Here’s a Tip: Don’t wait until August to start purchasing gear. Buying these necessities over the coming months will help allocate your budget and will help you save up for these larger purchases. Also, many companies sell out of products by mid-Summer and shipping lead times are sometimes a month or more for product delivery, so take my word on this; don’t wait until the last minute.

DIY Colorado Elk Hunting
The weather changes quickly in the mountains. Make sure you have gear that will keep you comfortable in variable conditions.

Getting In Shape

As a flat lander going from sea level to 8,000+ feet in elevation, the air is thin and the terrain is rough so it’s important to make physical fitness part of your weekly routine in the months leading up to the trip. I won’t elaborate into a ton of detail here because I’m not a fitness guru by any means, but I can tell you that the more physically fit you are, the more enjoyable your hunt will be. If you show up to the trailhead out of shape, be prepared to be miserable.

I see a lot of guys pounding leg workouts in preparation for a western elk hunt and it’s definitely needed, but make sure it’s not the only area you are focusing on. From last years experiences as a rookie on the mountain, I wish I would have put more of an emphasis on working out my abs and building up my ankles and feet. In this terrain, you are loaded down with a heavy pack and you will be traversing unforgiving ground so having good balance is key, which all stems from having a strong core. My ankles and feet also paid the price last year because I wasn’t prepared.

I recommend loading up your pack 1-3 times per week and hitting the trails for a few hours on each hike. This will help break in your new boots, build up your feet, strengthen your ankles, and boost your stamina all at the same time. Try to walk on side hills to get your ankles and feet used to being at different angles. At the very least, make sure you are getting in cardio and stretching on a routine basis. On a mountain hunt, you will be constantly stepping over downed trees, climbing through thick cover, and lunging in awkward positions so don’t neglect stretching.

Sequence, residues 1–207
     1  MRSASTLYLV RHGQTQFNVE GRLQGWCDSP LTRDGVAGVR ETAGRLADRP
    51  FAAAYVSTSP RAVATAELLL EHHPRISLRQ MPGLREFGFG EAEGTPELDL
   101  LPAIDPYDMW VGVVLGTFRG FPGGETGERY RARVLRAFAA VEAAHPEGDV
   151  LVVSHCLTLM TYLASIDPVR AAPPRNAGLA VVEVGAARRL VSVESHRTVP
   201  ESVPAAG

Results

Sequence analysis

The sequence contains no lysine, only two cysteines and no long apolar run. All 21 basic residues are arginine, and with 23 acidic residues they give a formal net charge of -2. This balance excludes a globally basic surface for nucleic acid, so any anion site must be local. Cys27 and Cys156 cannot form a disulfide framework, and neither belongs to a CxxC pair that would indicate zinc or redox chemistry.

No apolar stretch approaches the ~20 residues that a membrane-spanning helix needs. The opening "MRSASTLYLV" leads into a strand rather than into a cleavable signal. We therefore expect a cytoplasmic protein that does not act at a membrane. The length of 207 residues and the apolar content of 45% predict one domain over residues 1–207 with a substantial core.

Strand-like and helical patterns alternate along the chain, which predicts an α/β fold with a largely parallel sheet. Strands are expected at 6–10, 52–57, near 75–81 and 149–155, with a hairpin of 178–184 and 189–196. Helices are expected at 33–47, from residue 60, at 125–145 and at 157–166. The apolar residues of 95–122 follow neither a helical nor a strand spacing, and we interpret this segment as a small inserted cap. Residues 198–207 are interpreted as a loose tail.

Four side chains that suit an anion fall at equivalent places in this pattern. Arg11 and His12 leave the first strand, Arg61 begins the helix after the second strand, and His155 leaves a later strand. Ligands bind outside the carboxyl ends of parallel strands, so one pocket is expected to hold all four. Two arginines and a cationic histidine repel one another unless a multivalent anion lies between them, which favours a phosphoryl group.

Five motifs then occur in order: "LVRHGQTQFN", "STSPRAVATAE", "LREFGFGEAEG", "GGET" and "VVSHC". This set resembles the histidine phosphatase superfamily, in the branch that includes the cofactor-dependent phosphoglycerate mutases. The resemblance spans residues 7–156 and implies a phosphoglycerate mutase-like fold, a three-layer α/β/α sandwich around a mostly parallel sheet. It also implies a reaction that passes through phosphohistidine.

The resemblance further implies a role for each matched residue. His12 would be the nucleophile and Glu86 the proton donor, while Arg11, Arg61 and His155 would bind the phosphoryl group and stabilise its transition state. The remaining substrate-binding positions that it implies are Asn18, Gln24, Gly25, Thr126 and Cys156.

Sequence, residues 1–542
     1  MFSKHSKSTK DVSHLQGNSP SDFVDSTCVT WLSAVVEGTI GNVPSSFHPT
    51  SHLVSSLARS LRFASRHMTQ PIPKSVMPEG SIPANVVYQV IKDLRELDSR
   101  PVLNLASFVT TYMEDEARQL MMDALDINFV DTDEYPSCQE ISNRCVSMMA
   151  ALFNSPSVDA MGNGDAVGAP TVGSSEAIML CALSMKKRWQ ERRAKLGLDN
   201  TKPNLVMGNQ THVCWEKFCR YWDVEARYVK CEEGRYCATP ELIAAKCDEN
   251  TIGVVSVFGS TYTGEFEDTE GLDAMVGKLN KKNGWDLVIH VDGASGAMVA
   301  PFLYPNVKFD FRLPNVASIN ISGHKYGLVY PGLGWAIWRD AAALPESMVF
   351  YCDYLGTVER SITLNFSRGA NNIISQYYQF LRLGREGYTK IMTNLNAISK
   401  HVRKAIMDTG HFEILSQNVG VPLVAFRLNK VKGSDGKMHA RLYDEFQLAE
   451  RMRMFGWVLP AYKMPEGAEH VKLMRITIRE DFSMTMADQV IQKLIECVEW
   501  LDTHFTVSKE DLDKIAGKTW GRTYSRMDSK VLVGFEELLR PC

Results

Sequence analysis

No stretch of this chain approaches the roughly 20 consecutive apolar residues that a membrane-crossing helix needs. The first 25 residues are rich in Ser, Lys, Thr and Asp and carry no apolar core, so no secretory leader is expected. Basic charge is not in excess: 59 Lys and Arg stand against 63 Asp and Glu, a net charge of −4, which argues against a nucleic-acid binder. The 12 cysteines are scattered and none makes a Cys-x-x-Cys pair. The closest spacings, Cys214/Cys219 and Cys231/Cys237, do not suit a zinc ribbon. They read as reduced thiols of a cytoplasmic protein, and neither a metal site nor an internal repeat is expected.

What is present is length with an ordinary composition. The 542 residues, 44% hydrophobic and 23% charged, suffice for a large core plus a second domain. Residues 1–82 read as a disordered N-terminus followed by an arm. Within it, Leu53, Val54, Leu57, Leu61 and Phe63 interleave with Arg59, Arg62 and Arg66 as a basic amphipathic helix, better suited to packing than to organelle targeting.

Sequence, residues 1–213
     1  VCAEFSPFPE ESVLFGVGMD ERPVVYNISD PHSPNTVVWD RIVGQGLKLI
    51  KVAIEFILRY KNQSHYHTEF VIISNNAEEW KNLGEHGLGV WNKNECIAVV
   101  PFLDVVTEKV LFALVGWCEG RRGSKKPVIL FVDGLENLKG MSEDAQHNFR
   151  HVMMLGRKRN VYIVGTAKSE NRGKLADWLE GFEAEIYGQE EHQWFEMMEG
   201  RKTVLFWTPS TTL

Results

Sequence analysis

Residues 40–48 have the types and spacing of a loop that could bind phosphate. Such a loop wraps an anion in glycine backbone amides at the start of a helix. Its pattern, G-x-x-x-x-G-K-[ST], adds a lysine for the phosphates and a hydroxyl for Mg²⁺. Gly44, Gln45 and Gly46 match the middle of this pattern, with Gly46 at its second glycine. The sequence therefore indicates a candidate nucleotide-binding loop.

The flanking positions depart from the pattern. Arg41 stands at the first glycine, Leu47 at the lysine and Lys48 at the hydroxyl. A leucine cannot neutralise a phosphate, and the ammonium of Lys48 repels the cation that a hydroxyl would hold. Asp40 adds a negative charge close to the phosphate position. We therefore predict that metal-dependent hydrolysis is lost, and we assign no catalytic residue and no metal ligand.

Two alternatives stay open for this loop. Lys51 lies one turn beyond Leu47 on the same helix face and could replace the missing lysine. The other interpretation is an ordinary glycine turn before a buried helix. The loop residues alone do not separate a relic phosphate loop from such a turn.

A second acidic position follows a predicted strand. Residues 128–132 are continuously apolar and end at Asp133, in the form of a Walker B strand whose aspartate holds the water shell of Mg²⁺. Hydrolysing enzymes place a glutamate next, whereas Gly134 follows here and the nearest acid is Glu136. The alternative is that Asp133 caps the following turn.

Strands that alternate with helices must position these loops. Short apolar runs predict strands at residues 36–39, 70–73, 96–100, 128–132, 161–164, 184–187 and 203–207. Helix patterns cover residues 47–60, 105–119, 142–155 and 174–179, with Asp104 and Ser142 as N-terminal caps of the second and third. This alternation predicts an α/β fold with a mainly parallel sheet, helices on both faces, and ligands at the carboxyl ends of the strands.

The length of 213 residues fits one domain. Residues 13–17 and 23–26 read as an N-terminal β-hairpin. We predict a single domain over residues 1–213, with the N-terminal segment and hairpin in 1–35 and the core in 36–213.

Colorado Shed Hunting
Shed hunting is a great way to stay in shape and build up your legs during the off-season in preparation for your Fall hunts.

Helpful Colorado Hunting Resources

CDOW Big Game Brochure – It’s imperative to have a good understanding of rules and regulations pertaining to hunting elk in Colorado. Make sure to read through the big game handbook thoroughly. 

Colorado Hunting Atlas – This atlas is packed with tons of useful information. To learn all about how to use the Colorado hunting atlas map to scout for a hunt, watch this VIDEO.

RMEF Gear Packing List – Rocky Mountain Elk Foundation has put together helpful packing lists based on the style and duration of your hunt. 

onXmaps GPS – This mapping tool is a life saver for me. I started using this app about a year ago and if you are hunting public land, you should be using it too. It shows private and public land boundaries, topography, trail/road access, and allows you to mark waypoints on your phone, computer, or handheld GPS. 

Don’t Wait Any Longer

There are multiple moving parts of planning a DIY elk hunt in Colorado. Many of you will probably be hunting with a partner so determine what gear you can share and which items you will need to purchase separately. Don’t be afraid to contact the local wildlife biologists in the areas you are potentially going to be hunting. They will be able to point you in some directions and can offer insight on animal numbers or areas to start checking into.

Just remember, planning and preparation are all part of the process and whether or not you kill an elk this Fall, I can guarantee you will create memories that will last a lifetime. So as I sit here (in the middle of April) planning my upcoming 2017 elk hunt, a common question will not escape my head. So until the aspens turn yellow and bugles fill the air, I’ll be asking; “Is It September Yet!?